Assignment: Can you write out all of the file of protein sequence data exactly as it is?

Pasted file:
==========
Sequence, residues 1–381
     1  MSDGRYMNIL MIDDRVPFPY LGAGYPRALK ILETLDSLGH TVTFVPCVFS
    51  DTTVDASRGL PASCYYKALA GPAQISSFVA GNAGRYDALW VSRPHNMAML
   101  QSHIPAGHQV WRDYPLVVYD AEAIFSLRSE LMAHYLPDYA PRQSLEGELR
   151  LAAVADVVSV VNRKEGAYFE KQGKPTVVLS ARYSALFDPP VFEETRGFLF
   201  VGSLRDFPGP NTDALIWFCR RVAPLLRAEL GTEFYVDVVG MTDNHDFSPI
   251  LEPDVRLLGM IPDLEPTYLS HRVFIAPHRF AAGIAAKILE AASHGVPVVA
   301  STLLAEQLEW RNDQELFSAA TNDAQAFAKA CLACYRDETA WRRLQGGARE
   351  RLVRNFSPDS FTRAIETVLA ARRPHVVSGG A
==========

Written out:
Sequence, residues 1–381
     1  MSDGRYMNIL MIDDRVPFPY LGAGYPRALK ILETLDSLGH TVTFVPCVFS
    51  DTTVDASRGL PASCYYKALA GPAQISSFVA GNAGRYDALW VSRPHNMAML
   101  QSHIPAGHQV WRDYPLVVYD AEAIFSLRSE LMAHYLPDYA PRQSLEGELR
   151  LAAVADVVSV VNRKEGAYFE KQGKPTVVLS ARYSALFDPP VFEETRGFLF
   201  VGSLRDFPGP NTDALIWFCR RVAPLLRAEL GTEFYVDVVG MTDNHDFSPI
   251  LEPDVRLLGM IPDLEPTYLS HRVFIAPHRF AAGIAAKILE AASHGVPVVA
   301  STLLAEQLEW RNDQELFSAA TNDAQAFAKA CLACYRDETA WRRLQGGARE
   351  RLVRNFSPDS FTRAIETVLA ARRPHVVSGG A